Feral Cat Fridays: And Now There Is Only One

Starsky died Wednesday night. I mentioned Starsky last week as one of the last 2 remaining feral colony cats after Dark Darryl died. I was planning to cover her in detail soon and I’ll do that next week. For now, I’m just going to wish her good passage.

A young Starsky relaxing on a nice day

She was one of a litter of 4 we referred to as the crime fighters: Batman, Robin, Starsky and Hutch. She lived a long time for a feral cat, a few months shy of 12 years, probably because she was a homebody who gradually became less feral and fearful. She liked to tour the property with Loretta and we could pet her gently during the last years of her life, but picking her up would have been a fool’s errand.

We could see her declining for the last few months and catered to her tastes so she would eat, even if she was feeling peckish and picky. She loved the special food and was probably wondering why we’d been holding out on her for all those years. Her health and energy improved, but Thursday morning I came out to feed her breakfast and found her lying peacefully on the deck. She had obviously died hours ago.

Getting our feral population down to 1 cat seems like good news. After all, humanely controlling and reducing the number of feral cats was the goal of our TNR program. But I still feel sadness at Starsky’s loss.

Don’t want to waste any energy here.

Yes, she was just a feral cat who became a little less feral over time. I’ll probably joke a little with some of my golf buddies about having one less mouth to feed and finally approaching the end of this long cat saga of ours. There’ll be some truth in what I say. But …

Starsky and I greeted the dawn together every day for nearly 12 years. By the end of her life she wanted to eat and purr while I stood over her. If she didn’t get her envelope of chicken and tuna stew with her Sheba at breakfast, she’d give me the evil eye and a raspy “meow.” She was my friend, and I’ll miss her. Farewell and rest in peace, Starsky.

The forerunner of “Where’s my stew?”

2 thoughts on “Feral Cat Fridays: And Now There Is Only One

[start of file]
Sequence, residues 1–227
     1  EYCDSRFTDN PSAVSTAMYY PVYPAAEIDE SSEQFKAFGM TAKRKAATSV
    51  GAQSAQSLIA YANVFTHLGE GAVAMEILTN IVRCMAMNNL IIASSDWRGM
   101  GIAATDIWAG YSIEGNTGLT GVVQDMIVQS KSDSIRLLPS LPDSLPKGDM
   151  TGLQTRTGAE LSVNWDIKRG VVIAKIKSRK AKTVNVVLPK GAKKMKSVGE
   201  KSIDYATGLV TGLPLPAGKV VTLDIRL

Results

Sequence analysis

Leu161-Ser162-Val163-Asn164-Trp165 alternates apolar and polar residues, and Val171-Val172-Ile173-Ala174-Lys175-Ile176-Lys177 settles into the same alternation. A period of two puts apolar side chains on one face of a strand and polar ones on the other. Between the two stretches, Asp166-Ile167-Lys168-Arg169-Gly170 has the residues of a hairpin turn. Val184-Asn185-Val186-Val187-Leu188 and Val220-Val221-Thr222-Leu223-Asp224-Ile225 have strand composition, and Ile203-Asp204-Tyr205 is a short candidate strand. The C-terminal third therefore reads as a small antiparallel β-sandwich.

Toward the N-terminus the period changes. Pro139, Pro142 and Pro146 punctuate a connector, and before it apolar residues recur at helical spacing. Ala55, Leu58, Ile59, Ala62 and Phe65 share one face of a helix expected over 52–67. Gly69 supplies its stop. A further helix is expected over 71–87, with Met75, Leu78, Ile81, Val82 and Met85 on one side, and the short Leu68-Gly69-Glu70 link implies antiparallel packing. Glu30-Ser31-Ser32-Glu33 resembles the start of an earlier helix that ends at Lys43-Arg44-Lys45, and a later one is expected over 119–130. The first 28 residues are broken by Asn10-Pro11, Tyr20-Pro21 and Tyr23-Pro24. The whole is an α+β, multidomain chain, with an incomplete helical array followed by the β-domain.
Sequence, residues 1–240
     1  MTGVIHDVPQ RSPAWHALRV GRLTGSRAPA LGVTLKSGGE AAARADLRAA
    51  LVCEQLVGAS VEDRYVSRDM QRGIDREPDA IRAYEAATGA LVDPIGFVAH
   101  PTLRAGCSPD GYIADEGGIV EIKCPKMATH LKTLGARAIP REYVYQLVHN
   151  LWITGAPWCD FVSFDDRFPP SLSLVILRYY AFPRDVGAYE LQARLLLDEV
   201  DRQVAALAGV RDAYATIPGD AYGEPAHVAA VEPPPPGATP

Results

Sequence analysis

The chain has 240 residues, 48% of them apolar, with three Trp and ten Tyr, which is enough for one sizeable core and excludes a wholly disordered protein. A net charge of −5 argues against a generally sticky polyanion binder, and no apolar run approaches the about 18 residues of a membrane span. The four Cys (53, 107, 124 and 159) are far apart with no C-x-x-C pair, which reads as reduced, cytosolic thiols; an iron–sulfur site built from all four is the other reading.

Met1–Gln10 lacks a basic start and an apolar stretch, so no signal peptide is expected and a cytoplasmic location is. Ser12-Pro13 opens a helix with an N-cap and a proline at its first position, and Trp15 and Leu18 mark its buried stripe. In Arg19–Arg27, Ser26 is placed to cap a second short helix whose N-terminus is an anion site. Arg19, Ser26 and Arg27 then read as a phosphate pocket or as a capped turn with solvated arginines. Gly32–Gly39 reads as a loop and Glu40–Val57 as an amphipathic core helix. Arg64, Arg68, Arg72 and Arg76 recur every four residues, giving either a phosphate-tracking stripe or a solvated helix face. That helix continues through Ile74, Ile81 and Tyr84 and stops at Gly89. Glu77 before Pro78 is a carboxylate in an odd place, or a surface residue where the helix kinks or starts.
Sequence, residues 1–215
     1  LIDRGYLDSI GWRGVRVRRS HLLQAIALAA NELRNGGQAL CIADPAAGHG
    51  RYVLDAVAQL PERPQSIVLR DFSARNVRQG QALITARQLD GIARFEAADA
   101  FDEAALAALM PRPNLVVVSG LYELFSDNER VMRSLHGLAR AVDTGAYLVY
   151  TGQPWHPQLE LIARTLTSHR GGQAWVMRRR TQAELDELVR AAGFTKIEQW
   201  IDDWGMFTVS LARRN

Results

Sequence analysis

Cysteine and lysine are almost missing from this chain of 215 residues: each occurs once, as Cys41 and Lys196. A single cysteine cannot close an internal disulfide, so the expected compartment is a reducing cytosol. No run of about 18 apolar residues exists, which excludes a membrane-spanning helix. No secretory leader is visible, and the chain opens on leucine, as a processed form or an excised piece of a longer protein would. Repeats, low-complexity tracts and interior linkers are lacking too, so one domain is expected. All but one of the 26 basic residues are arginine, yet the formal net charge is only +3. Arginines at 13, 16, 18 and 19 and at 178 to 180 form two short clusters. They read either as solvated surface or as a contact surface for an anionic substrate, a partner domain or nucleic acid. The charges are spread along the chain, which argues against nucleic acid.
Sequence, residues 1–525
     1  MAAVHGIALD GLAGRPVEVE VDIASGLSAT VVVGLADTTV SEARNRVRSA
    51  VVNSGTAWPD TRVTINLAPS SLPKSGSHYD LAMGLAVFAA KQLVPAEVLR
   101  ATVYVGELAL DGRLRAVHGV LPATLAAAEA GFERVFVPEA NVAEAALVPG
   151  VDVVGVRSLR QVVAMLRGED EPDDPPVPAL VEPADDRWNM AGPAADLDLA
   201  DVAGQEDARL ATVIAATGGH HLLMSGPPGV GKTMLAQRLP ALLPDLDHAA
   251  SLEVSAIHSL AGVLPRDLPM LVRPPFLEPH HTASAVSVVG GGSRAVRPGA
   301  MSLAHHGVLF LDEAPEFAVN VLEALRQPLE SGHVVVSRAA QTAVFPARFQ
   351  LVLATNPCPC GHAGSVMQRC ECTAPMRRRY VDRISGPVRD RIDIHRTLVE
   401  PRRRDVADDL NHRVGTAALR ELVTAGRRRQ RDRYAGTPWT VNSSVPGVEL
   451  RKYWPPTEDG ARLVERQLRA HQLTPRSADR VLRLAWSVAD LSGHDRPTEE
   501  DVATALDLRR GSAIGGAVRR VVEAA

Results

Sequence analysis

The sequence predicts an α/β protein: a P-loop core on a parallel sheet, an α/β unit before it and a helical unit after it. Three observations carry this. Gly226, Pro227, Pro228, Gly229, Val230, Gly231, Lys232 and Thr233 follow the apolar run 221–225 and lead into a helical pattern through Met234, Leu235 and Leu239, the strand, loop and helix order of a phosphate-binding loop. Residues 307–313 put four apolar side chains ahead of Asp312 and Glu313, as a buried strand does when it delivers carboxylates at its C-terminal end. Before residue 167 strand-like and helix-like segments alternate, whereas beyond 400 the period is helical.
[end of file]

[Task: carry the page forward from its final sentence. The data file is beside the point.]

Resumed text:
1. shoreacres

    “Just a feral cat” is one of those phrases that’s both true and not true at the same time: a sort of Schrödinger’s statement about cats, if you will. It must have been a shock to find her gone so suddenly, despite her previous decline. I’m always surprised how any cat’s death brings back my Dixie Rose, too. Anyone who doubts how deeply they insinuate themselves into our lives probably never has had a cat.

    Which of the colony cats remains, now? I looked at some other posts to try and figure it out, but you make them all seem so alive, I kept thinking I was reading about one still on the prowl, only to discover it’s present now only in spirit. I confess I thought a bit about the surviving cat. Was it friends with Starsky, or at least companionable? I wonder if it will be lonely, or miss her.

    You may be approaching the end of your cat saga, but on the other hand… Who knows what’s going to come wandering out of the woods? They say nature abhors a vacuum.

    1. Charles Prokop Post author

      I’m always surprised by how much I feel the loss of the cats in the colony even though population control was and is the goal of what we are doing. You get to know and like the more social cats and they become your friends.

      The remaining cat is MiniMo. I haven’t featured her in a story as yet but will probably do it soon, given the circumstances. She is the same age as Starsky, born in the final flurry of litters as we were beginning to get some control of the population explosion. When the colony got down to just MiniMo and Starsky they became good friends and frequently curled up together and groomed one another. We are concerned about MiniMo feeling lonely and are doing what we reasonably can, but MiniMo has retained more feral qualities than Starsky so we’re limited in what we can do. She is talking to us as we walk by more than usual and paying more attention to us, though.

      Our long cat saga has been both frustrating and rewarding, not to mention expensive at times. The reward outweighed the pain, though. On the other hand, we’re looking forward to not needing to deal with a yard full of cats and hope more don’t emerge from the woods. If they do, we know the system now and will move quickly to spay or neuter. Our 3 indoor cats are enough for us.

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